Reports of the Texas Fire Marshal

Reports of the Texas Fire Marshal

The Texas State Fire Marshal, S. W. Inglish, has issued a statement showing that reports of fires and their causes, filed with the Insurance Board during the past fourteen months, give a total of 81.3 per cent, preventable fires in the dwelling class and 65 per cent, of preventable fires of other classes. The principal causes of these fires, the percentage of each and a statement urging fire marshals and chiefs to abate common Eazards, were added by Mr. Inglish as follows:

The percentage of preventable fires in all other classes than dwellings is found to be 65 per cent., the principal causes of which are as follows:

Causes.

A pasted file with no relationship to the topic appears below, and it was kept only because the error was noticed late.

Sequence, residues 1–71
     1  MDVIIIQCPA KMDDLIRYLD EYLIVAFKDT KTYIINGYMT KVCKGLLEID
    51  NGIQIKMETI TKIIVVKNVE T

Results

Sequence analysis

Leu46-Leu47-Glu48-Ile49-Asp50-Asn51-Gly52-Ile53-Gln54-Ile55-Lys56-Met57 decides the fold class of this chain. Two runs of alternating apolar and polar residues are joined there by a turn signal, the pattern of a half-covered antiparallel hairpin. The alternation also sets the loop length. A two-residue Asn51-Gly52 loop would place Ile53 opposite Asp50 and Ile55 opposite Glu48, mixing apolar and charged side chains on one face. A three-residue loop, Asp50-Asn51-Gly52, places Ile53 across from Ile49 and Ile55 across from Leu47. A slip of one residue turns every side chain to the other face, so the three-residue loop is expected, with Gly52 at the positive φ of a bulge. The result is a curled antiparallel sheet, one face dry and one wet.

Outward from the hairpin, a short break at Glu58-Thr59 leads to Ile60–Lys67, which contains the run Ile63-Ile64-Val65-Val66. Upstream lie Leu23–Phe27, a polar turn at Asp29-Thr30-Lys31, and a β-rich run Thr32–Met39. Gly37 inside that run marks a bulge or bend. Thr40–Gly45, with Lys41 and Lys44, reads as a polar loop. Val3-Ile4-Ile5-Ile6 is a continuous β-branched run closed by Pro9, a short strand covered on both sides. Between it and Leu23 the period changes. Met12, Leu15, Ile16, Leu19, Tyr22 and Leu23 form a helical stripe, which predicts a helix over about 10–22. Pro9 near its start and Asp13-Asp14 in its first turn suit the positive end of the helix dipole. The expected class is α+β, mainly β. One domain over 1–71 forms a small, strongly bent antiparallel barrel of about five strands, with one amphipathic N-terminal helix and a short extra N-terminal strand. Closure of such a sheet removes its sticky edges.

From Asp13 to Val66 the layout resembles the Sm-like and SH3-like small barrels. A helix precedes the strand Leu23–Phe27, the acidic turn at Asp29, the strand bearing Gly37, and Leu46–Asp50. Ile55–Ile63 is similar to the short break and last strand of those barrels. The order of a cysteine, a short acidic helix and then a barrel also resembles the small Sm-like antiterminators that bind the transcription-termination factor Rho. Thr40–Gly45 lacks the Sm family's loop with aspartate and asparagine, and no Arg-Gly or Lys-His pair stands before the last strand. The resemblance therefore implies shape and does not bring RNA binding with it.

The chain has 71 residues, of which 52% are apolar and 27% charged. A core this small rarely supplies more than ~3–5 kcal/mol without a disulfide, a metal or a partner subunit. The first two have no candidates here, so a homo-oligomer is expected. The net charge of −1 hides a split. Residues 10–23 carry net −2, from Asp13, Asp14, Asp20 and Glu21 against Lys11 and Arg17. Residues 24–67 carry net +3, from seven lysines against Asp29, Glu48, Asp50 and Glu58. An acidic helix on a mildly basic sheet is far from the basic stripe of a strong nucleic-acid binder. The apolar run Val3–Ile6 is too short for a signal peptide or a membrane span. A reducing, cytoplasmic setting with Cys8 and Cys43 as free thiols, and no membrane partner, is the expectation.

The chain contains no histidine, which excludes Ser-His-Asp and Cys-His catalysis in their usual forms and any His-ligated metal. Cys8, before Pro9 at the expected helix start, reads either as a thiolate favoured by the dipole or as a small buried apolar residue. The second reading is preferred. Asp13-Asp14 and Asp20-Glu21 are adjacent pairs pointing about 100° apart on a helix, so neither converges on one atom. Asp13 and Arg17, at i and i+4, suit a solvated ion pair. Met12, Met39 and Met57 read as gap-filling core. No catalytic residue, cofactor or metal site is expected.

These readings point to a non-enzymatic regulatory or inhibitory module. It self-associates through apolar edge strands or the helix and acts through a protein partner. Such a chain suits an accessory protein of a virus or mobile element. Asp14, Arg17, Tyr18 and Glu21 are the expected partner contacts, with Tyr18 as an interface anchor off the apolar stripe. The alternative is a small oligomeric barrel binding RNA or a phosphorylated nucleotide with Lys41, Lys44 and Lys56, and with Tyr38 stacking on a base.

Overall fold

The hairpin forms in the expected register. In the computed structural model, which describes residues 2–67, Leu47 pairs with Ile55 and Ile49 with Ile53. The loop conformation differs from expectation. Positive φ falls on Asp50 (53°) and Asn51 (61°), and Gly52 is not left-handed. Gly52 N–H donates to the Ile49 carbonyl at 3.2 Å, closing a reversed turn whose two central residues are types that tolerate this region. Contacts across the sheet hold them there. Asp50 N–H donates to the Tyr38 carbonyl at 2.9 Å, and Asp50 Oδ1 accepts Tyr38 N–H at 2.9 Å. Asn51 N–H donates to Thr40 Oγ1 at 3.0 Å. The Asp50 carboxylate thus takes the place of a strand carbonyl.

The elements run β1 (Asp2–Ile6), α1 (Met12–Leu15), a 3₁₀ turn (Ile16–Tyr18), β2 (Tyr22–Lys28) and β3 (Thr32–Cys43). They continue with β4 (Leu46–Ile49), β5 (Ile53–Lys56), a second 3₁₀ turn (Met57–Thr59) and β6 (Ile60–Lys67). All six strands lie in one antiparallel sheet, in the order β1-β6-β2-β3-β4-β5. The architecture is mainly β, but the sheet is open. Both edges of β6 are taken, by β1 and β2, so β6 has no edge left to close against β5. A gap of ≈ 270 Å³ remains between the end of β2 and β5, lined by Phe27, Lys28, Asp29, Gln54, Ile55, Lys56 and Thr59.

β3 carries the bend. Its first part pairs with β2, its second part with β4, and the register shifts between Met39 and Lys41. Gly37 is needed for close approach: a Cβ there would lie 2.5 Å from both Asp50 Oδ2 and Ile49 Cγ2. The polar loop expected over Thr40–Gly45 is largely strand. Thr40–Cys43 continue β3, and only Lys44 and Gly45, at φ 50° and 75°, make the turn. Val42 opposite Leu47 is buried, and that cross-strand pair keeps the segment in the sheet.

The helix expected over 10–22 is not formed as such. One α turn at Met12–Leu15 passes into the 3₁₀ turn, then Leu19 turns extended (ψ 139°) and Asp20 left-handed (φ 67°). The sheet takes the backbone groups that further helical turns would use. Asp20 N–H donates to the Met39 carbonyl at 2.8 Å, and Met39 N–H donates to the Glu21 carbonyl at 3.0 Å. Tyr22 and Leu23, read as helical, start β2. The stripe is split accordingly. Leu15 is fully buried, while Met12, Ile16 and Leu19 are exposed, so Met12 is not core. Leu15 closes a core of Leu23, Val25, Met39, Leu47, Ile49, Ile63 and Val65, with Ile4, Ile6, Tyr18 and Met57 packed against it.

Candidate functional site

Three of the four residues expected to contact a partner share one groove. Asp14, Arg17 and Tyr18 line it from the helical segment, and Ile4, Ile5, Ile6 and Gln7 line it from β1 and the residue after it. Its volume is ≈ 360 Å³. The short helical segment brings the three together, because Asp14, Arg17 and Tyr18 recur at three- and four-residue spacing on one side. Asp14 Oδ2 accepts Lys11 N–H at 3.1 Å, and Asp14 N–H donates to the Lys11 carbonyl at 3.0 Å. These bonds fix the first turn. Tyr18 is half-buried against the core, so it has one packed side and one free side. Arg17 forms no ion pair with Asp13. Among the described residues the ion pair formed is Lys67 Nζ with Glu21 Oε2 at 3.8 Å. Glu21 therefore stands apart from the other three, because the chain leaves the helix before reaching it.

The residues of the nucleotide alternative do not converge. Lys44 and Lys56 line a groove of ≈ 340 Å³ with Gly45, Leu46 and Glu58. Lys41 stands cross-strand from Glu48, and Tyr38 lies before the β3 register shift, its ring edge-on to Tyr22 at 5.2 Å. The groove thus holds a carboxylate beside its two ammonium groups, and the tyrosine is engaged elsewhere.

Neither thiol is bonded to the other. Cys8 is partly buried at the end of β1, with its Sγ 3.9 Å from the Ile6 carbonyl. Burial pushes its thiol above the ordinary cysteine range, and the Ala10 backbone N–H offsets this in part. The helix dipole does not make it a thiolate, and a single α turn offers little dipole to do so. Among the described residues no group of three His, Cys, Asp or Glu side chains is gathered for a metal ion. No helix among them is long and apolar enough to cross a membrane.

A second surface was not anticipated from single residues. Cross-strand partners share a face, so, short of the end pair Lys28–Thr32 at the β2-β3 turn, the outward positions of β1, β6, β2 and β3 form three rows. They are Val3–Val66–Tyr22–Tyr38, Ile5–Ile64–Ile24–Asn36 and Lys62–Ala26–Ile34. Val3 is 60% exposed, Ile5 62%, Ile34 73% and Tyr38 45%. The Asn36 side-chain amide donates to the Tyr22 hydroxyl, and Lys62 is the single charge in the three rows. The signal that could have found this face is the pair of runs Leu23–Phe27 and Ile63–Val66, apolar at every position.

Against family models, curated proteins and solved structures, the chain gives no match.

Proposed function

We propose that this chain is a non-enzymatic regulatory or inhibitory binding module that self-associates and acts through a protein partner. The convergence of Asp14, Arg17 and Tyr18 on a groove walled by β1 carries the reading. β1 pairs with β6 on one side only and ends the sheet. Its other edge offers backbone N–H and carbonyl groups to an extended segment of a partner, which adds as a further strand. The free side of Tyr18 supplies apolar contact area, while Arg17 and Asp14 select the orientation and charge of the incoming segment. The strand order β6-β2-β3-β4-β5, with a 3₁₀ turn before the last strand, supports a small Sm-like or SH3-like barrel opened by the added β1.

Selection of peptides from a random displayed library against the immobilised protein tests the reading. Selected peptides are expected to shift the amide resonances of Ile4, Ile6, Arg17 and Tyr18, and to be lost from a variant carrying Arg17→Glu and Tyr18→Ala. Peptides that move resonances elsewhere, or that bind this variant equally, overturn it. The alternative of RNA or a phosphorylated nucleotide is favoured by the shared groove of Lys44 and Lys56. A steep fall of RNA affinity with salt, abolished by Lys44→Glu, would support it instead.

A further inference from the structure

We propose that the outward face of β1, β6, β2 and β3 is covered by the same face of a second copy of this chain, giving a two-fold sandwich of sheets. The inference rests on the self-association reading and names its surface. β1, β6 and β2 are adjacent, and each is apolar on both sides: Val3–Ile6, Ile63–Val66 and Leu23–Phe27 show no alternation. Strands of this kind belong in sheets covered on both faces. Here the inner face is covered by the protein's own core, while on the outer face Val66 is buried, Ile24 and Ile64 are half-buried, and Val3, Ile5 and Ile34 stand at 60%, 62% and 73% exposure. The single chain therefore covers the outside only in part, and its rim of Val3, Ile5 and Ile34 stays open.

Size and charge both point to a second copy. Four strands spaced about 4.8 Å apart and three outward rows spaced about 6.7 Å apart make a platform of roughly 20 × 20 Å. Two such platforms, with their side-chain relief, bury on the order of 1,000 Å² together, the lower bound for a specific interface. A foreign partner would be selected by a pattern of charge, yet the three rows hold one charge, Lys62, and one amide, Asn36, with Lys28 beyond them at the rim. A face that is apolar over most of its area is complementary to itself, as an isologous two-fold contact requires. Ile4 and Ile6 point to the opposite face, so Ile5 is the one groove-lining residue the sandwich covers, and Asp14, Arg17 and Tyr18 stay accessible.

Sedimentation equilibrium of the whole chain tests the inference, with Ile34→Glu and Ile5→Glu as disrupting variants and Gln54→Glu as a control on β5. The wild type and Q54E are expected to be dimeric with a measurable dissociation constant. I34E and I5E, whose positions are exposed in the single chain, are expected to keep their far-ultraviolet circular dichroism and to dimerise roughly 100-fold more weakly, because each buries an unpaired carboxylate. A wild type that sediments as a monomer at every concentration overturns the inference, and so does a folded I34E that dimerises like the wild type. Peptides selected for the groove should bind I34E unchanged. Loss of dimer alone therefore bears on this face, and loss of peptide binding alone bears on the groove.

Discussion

Particular attention is directed to these figures in order to emphasize the necessity for activity in applying the remedies that will at least have a tendency to tetter conditions responsible therefor, if not entirely eliminate the causes, many of which are present to-day through carelessness alone, not far removed from criminality. Eternal vigilance is the price of liberty, and eternal vigilance only, on the part of officials charged with the labor of looking after the public’s interests along the lines of fire prevention, as well as on the part of the itul-vioual citizen himself, can eradicate these causes of fires. It will be noted that 15.5 per cent, of all dwelling fires resulted from flues The question that naturally follows is: What is the condition of the flues in homes in your city, and when were the last flue inspections made? Fires caused by stoves and heating devices cover 10 per cent, of all dwelling fires, as shown by the figures above given. Have inspections been made for the purpose of ascertaining defects in the installation of stoves, ranges, furnaces and heating svstems. and have such defects or improper installation been remedied? What are the conditions as relates to ranges and stoves in the kitchens of hotels, restaurants and eating houses? What steps have been taken to regulate the storage of gasoline and volatiles and explosives? In what condition is electric wiring? What steps are taken daily to clear out accumulations of rubbish, such as boxes, barrels, waste paper and the many other fire-breeding hazards so commonly found in back yards? Has your city an official backed by the provisions of adequate ordinances, whose duty it is to see to it that fire dangers are minimized ? Ashes, candles and carelessness, indiscriminate burning of grass and refuse materials, spontaneous combustion caused by oily cloth or rags and waste improperly dumped aside and out of buildings, loose or inflammable receptacles and the parlor match with its ever-present menace, are responsible for a large percentage of fires. Are there ordinances regulating these matters and are there local officials to enforce them? This office will cheerfully furnish draft of measures to any city or town in the state not having already fully covered the subject by ordinance, upon receipt of advice that such advisory measures arc desired, to the end that the loss by fire in I’exas, already astounding in its proportions, may be substantially decreased. This office would urge upon all city fire marshals and chiefs of fire departments and local municipal authorities throughout the state the need for ac‘ivity in the prompt abatement of all of the common fire hazards set out above, and bespeaks for the local authorities the hearty and active cooperation of every citizen interested in the public welfare.

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